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Meditations in Metsland

Midnight on a carousel ride / Reaching for the Gold Ring / Down inside / Never could reach it, just slips away / But I try

MLB: Wild Card-San Diego Padres at New York Mets Wendell Cruz-USA TODAY Sports

Disappointed and sad as I felt, and still feel, in the aftermath of the Mets’ expulsion from the playoffs by the Dads, I have found myself coming back to a central notion: It’s hard for me to get too upset about a team that won 101 games in the regular season.

It undeniably sucks that the Mets got smoked by the Padres. It sucks that they missed out on first place and a first-round bye by a single game—though I can’t say for sure a bye would have mattered, ultimately. The vibes were a bit shaky there at the end. None of that changes the cool and novel fact that the Mets were among the best teams in baseball in 2022.

As has been noted many times before, the MLB playoffs are the province of chance; if ever you needed proof of that concept, look no further than some of the other things that have happened so far in this year’s version of the thing. In light of such immutable insanity at the end of each season, the only thing to do—assuming you aren’t one of the dithering and/or tanking clubs—is build a team good enough to make it in, maybe add a dash of a certain je ne sais quois, often embodied in a player with a preposterous beard or ultra-niche skillset, and hope that it all congeals into a useful alloy—a pleasing offering unto the mercurial spirit-lords of the sport. If you can work that forge and build that ship and set sail on the frothy seas of the MLB playoffs, you might just go the distance. Or, you know, probably not.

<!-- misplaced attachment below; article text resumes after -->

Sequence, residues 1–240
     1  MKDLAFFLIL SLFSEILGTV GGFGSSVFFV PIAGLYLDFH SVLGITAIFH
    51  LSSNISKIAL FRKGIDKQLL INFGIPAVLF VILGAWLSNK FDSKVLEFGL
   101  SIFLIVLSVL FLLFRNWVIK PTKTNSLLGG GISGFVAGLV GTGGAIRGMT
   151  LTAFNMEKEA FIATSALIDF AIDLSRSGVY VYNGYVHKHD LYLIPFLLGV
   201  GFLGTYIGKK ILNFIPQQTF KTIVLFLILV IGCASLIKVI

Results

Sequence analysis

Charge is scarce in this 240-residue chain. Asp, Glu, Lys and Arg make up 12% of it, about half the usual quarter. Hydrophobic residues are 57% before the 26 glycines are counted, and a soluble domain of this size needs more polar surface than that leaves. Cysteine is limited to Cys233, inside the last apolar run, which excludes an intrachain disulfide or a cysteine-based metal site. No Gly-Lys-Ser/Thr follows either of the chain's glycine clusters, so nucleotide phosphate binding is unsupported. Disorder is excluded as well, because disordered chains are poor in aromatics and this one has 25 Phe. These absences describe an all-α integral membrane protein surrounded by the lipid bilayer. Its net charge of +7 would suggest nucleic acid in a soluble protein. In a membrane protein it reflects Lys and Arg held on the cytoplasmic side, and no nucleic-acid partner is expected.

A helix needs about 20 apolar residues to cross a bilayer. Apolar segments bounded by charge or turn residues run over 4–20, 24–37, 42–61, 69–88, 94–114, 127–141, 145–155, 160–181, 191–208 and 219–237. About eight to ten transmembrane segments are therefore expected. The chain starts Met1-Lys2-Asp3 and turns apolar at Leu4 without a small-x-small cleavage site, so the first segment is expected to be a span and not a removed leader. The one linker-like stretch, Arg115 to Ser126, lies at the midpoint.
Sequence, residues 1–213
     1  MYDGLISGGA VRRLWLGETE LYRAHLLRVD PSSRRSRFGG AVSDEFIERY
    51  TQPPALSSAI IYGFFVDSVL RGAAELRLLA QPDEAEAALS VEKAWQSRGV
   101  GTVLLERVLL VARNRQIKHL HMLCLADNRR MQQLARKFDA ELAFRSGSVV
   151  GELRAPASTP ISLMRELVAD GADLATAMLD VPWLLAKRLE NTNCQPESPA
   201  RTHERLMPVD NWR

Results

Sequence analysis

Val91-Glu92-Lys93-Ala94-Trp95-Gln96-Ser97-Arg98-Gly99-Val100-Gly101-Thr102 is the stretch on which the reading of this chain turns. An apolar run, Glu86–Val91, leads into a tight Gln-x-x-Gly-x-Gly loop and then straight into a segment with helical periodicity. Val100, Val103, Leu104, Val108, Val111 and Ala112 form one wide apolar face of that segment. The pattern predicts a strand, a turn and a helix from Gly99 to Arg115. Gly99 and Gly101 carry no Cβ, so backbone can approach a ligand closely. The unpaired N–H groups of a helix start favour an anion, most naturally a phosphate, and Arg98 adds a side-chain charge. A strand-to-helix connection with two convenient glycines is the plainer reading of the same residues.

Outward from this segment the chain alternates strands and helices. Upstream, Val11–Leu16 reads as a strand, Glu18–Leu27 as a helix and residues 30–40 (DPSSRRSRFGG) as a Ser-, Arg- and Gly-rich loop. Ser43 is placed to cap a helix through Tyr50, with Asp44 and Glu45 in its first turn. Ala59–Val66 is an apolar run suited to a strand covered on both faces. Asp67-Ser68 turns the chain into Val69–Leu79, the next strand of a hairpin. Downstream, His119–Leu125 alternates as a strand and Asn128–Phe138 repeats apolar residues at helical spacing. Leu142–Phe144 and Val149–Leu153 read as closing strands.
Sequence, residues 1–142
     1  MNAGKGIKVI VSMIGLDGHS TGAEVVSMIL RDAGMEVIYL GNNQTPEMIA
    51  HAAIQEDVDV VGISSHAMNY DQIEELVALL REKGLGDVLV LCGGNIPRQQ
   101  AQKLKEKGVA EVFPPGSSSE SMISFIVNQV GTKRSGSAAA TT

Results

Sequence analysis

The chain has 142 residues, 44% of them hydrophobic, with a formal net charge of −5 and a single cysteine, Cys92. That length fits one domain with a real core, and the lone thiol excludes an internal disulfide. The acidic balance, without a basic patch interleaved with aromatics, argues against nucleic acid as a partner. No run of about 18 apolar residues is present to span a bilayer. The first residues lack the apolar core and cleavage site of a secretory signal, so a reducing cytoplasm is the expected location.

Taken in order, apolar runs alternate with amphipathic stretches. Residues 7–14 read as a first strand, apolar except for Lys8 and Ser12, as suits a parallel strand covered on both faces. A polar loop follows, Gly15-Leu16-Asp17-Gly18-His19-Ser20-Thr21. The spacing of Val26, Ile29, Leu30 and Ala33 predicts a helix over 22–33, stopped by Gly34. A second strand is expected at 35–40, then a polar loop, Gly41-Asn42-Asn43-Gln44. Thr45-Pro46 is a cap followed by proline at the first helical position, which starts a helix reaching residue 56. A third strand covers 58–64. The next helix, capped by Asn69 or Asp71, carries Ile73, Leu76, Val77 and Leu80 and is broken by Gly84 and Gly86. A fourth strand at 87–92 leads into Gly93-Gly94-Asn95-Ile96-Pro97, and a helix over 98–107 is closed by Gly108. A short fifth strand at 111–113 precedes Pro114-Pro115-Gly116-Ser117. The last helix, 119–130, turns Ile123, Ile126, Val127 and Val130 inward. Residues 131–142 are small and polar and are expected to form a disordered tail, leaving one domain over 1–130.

The Mets took those steps, pretty much, and as a result I feel like I got pretty much everything I could have reasonably asked for out of the 2022 baseball season, or any baseball season, for that matter. The overwhelming majority of the past year has been overwhelmingly good in Metsland, which is something I’ve almost never been able to say in my conscious lifetime. I will take a very good team that falls short in the playoffs over a mediocre one that goes home at the end of the regular season 10 out of 10 times. I will do that because I’m having a better time watching the good team than I am the bad team, and since baseball seasons are so incredibly long and time-intensive, the sort of time you’re having as a fan along the way really does count for something, both as it’s happening in the dirt-and-emerald dreamscape and in the cold accounting of retrospection.

The one thought that admittedly threatens my inner sanctum of undisturbed peace centers on the question of the immediate future. It is difficult for me to calmly sit with the fact that we do not have a Steve Cohen Precedent to draw from when considering the various courses of action that team brass might take this offseason in putting together the 2023 version of the team.

Billy Eppler’s recent remarks about sustainability were vaguely threatening and worrying, but I also hesitate to read too closely into those remarks, given that Eppler, like all of his quarter-zip contemporaries across the sport speak about this sort of thing as if they went to one of the Six Sigma or McKinsey Finishing Schools for Bloodless Value Extraction. It’s just how those guys think. Steve Cohen might think that way this offseason, too. Or, he might not. That uncertainty, and the possibility for a big ol’ letdown next year, freaks me out; but, at least for now, there is still the distinct possibility that a lot of cool and fun things are in store next season. If the latter is true, then one playoff failure won’t hurt so bad. The issues, right now, are, first, that the Mets have never been good at maintaining this sort of thing, and, second, we will not, cannot know one way or the other until a whole bunch of time has passed.

As I embark on this interminable interlude of waiting, I choose, for now, to assume it will be fine, probably or maybe. One way or the other, we will find out, in retrospect as always, whether the 2022 Mets were a happy blip, or the beginning of a longer story of better times than the ones that came before.